- rising pH and ammonia
by Randy or Deb Carey <carey/spacestar.net> (Tue, 03 Feb 1998)
by "A. Inniss" <andrewi/u.washington.edu> (Fri, 11 Dec 1998)
by Randy or Deb Carey <carey/spacestar.net>
Date: Tue, 03 Feb 1998
Steven J. Waldron wrote:
> Ed wrote:
> >One wholesaler who was also an avid hobbyist had told me that he
> >believes that sometimes apistos that are shipped in bulk, and that are
> >at some point exposed to higher than 7 ph, may have had their gills
> >damaged by ammonia. The ammonia takes on a more deadly form when in
> >higher ph water. The fish start dying off in the next couple of days
> >and nothing seems to be able to save them. I've purchased 30+ fish at a
> >time and watched them die off one by one.
> I've seen this time and time again. I do not know about the correlation
> between high ammonia levels and high pH. Apistos oten get over packed when
> exported out of S.A. They often come in with extensive gill damamge from
> high ammonia levels.
Nontoxic ammonia ions (NH4+) disintegrate into toxic ammonia molecules (NH3) as
the carbonate hardness/pH rises. An aquarist/chemist friend of mine illustrated
So as fish are tightly packed, the pH drops and the ammonia from all the fish
quickly assimulates into ammonia ions: NH3 to NH4+. Note that the extra
hydrogen of acidic water is available to attach to the ammonia molecule. Add
harder, alkaline water to this
aged water and a steady chemical shift occurs.
As the water shifts to alkaline (high in hydroxide ions, HO), the hydroxide
rapidly receives the extra hyrdogen ion from NH4+ making it NH3. The suddenly
high concentration of ammonia in the water quickly diffuses into the fish cells.
(The charged HO4+ can't enter the cells.) This rapid diffusion can cause ammonia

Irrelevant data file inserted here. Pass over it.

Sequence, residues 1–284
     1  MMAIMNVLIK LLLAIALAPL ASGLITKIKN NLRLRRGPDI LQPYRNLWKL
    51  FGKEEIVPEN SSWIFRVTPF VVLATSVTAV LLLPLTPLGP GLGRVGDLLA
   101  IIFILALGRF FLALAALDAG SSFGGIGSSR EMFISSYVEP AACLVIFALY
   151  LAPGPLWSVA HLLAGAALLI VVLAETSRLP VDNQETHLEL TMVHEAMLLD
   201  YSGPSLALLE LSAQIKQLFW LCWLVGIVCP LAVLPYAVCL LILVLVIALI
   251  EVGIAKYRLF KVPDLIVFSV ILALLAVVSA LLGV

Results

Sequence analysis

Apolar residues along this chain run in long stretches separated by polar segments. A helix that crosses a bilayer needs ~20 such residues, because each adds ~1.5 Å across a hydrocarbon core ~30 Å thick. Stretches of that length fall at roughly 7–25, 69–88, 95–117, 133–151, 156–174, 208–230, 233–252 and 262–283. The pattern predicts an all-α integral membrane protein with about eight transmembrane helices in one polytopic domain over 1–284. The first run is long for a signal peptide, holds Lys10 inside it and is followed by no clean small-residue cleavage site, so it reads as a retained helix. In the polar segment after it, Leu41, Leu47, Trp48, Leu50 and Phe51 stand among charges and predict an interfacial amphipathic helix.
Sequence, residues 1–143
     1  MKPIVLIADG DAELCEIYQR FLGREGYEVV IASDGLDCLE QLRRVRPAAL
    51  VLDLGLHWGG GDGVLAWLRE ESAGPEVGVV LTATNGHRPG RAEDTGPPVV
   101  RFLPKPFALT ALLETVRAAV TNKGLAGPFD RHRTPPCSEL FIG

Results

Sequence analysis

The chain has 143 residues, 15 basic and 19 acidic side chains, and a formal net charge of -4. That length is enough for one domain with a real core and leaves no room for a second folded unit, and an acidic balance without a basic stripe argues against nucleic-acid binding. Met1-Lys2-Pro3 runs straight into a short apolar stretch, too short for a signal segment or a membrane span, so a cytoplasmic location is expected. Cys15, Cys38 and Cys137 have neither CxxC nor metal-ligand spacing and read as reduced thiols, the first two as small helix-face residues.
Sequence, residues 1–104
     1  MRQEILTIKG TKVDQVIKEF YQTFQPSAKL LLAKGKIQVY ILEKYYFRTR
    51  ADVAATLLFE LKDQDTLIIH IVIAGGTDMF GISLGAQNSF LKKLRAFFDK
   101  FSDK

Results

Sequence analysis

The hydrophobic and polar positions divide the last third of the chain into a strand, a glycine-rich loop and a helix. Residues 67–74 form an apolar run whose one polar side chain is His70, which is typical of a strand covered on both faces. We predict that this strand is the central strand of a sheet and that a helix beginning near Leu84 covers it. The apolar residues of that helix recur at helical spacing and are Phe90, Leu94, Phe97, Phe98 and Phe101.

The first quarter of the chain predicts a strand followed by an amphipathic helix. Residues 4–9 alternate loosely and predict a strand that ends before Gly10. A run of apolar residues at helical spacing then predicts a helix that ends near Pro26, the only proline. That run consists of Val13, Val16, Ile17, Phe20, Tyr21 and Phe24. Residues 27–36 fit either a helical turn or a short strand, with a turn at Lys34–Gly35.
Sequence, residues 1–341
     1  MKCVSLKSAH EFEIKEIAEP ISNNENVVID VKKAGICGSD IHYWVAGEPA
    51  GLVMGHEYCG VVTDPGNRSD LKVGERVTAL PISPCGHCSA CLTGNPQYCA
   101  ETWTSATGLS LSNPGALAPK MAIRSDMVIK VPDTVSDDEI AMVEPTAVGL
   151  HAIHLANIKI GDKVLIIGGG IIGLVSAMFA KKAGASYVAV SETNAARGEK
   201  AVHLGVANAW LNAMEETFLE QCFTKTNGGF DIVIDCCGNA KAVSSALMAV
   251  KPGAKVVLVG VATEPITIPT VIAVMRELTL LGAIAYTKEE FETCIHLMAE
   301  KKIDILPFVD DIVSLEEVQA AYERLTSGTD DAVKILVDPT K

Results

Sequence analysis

There's a little more to it than that, but that is the kernal of what's
Five years ago I was experiencing sudden "intoxicating-like" deaths of young fry
within hours of making 10% to 20% water changes. If I transferred them to aged
water, the symptons would stop within a half hour and the fish were fine. I was
Then I read an early 80's article in TFH warning that slight changes in KH
(Carbonate hardness) is fatal to young barb fry. Bingo! My tap water reads 14
degrees KH and jumps to near 8 pH within hours. I adjusted my water changing
strategy and had success with species that seemed to die after my first water
change. My guess is that fry, having smaller body mass, can't handle the sudden
absorption of ammonia as readily.
Only recently have I learned the reason behind this KH problem. What surprises
me is how little I see about this phenomenon in aquarium literature. So, my
friend and I are planning to collaborate on an article from my experiences and
his chemical background.
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by "A. Inniss" <andrewi/u.washington.edu>
Date: Fri, 11 Dec 1998
Hi Susan etal. I just wanted to mention that cycling a tank at a
pH below 7 is not necessarily safer: while it's true that relatively
non-toxic ammonium predominates such pHs, nitrite toxicity _increases_ at
lower pHs. Why? Because nitrite and nitrous acid exist in an equilibrum
similar to ammonia/ammonium. Nitrous acid predominates at pH below 7 and
is much more toxic than nitrite, because it is non-charged and therefore
does not require ion-transport channels, its passage through the gill
epithelium is not inhibited by competing ions (such as Cl-) etc.